For most of his MMA career, Anthony "Rumble" Johnson was a nomad who traveled to several different gyms on the west coast to try and find the right kind of training and sparring partners to get him ready for fights.
It wasn't until Johnson teamed up with the Blackzilians in South Florida -- as one of the founding members of the gym -- that he not only got the training he needed, but the fight family he's always wanted.
The stability in his coaching and training life helped transform Johnson into one of the best light heavyweights in the world, and he proved that by earning his first UFC title fight earlier this year. Johnson came up just short of winning the belt, but he knows as he approaches his next fight against Jimi Manuwa at UFC 191 that the Blackzilians are the team to get him to the gold.
"I feel like a million bucks. This is one of the best camps I've had honestly," Johnson told FOX Sports.
"I've trained with some of the best when it comes to stand up. The stand-up game is mine, I know that, I'm not worried about it."
Because Manuwa is well known for his knockout power, Johnson worked with a ton of strikers in this camp, including multi-time kickboxing champion Tyrone Spong, former UFC fighter Thiago Silva and several others.
One person Johnson didn't get to work with much this time around was Blackzilians' captain Rashad Evans, who was getting into shape for his fight at UFC 192 a month from now against Ryan Bader.
Evans has endured a series of knee injuries that have kept him out of action for nearly two years, but he's finally ready to get back in the Octagon in October. If Evans is successful in defeating Bader, he will likely earn the next shot at the light heavyweight title, which would put him ahead of Johnson in the championship pecking order.
As much as Johnson wants to challenge for the gold again one day, he promises that if Evans gets the shot he will be there as his teammate's biggest cheerleader.
"If Rashad got the title shot next I would say congratulations. You worked your ass off to get where you are," Johnson said. "Rashad saw me hit rock bottom at 170 and then watch me climb my way back up and he's been supportive through that whole process.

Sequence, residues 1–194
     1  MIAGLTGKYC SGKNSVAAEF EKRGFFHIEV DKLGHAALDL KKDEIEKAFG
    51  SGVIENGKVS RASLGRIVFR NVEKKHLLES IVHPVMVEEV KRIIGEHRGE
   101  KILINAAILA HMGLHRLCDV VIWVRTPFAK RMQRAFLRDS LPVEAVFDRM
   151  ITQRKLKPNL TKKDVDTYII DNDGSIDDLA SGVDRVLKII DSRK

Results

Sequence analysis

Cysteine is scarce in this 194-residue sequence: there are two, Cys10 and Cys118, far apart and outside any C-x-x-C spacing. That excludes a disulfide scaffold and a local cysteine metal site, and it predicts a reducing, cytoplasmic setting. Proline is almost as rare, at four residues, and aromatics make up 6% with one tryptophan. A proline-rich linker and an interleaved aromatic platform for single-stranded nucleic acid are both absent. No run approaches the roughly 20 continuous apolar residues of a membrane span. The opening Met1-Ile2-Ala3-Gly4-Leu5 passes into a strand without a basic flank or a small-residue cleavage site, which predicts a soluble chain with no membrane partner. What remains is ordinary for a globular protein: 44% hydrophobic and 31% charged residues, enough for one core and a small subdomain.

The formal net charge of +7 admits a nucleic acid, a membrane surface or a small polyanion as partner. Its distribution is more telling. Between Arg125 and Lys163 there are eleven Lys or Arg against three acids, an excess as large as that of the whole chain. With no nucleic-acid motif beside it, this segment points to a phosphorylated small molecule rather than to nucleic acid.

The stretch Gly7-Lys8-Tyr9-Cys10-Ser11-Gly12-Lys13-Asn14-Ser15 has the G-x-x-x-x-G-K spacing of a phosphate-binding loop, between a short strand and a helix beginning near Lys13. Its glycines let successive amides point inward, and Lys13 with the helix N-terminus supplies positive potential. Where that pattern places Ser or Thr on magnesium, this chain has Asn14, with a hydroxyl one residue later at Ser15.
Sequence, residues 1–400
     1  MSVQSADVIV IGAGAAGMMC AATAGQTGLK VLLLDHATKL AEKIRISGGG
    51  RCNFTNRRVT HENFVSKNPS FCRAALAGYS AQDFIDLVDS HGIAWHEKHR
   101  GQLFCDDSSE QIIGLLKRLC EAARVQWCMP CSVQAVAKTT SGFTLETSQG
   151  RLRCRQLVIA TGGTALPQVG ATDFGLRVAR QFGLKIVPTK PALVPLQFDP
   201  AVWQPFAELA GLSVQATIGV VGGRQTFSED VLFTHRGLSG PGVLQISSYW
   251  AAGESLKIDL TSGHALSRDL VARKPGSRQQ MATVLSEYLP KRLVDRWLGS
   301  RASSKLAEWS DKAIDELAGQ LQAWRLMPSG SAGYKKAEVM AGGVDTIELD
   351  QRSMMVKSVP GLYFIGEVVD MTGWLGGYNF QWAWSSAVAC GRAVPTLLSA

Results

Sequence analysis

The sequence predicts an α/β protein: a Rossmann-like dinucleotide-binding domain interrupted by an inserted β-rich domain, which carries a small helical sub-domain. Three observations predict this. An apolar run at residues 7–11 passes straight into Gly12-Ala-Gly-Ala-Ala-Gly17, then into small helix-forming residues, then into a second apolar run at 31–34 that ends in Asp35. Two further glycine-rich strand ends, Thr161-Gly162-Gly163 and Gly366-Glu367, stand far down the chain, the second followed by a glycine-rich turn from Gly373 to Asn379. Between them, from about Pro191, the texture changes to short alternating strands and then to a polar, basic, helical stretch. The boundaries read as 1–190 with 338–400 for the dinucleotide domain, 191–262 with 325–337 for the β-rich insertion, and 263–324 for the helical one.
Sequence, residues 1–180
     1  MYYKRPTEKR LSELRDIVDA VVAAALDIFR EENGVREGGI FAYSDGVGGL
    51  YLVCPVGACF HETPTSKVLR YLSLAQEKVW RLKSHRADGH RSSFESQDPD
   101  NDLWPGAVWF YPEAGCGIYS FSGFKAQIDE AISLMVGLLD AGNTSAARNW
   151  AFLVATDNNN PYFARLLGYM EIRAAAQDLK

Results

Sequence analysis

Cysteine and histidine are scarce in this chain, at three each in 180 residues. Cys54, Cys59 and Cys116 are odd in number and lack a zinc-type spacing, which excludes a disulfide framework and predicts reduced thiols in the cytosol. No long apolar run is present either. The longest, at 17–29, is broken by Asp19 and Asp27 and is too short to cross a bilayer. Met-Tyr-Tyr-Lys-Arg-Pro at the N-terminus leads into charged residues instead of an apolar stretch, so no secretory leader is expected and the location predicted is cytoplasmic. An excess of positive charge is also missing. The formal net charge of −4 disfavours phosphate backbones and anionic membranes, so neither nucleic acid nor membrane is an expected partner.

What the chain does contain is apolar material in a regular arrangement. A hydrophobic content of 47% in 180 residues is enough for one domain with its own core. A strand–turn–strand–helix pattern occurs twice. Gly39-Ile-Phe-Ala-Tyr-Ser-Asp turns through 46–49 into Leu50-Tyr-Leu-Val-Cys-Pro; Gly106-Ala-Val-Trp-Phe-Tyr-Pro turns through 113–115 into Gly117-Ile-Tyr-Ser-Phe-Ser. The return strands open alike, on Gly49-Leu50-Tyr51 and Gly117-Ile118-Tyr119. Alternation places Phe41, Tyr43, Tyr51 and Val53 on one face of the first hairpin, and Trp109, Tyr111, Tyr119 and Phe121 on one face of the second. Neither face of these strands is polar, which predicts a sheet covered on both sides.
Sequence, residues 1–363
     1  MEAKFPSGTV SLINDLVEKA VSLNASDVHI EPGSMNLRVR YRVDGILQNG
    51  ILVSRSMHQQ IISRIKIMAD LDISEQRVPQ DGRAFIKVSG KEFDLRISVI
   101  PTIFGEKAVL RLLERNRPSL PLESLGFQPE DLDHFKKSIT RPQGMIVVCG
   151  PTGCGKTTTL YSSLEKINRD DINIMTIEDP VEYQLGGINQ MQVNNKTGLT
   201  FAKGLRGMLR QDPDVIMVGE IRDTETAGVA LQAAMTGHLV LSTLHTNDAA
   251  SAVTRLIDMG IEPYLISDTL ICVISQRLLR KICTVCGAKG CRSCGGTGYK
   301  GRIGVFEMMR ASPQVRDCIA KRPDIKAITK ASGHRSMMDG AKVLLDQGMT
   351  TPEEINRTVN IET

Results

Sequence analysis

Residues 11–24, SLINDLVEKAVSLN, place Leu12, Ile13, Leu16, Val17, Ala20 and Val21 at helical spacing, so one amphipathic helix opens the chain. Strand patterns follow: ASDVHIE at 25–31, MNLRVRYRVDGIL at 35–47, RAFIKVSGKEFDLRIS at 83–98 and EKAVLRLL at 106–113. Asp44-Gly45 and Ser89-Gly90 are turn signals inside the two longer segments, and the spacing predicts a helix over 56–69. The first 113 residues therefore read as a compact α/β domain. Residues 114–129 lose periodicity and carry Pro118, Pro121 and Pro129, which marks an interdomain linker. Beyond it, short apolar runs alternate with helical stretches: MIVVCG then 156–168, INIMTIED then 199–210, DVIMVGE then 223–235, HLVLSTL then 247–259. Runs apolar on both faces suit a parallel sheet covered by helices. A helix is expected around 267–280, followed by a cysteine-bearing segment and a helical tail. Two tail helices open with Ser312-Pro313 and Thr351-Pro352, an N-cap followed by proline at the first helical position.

"Me and Rashad, we have nothing but love for each other."
With both Johnson and Evans planted in the top five in the rankings at light heavyweight, it's impossible to ignore that they could be crossing paths at some point in the near future -- especially if a title is up for grabs.
As much as Johnson wants to be champion, he promises he will never go through his friend and teammate to get there. Johnson has never been the kind of fighter to turn down a bout if the UFC comes calling, but if Evans' name was attached to the contract, he would say thanks but no thanks.
"It's all love when it comes to me and Rashad. A lot of people want to make it out to 'one day you two are going to have to fight each other'. I'd never fight Rashad. That's my boy, that's my teammate, that's my brother," Johnson said. "If we fought, would there be a large amount of money to be made? Oh hell yeah. But everything isn't always about money.
"I've got too much respect, I love Rashad too much to even try to damage our relationship like that. They can put a million dollars in front of me and say 'you have to fight Rashad' and I would say you can take that million dollars and do something with it."
Johnson says some things are just bigger than fighting and his friendship with Evans is one of them.
Evans has been through tumultuous situations in the past in a similar setting, most notably when Jon Jones joined the Jackson-Winkeljohn fight team. The rivalry between the two light heavyweights continued to fester until Evans eventually left the gym and the fighters ultimately became bitter rivals after his exit.
Johnson promises that's never going to happen with him. According to him, Evans has not only been a teammate but he's been a friend and a mentor and there's sacrificing that kind of support no matter what's on the line.
"Even with everything I've been through, Rashad has always been in my corner trying to talk sense into me. I have respect for the man," Johnson said. "A lot of people don't have that respect for their teammate, they just want to fight, they don't care.
"I think that's dumb."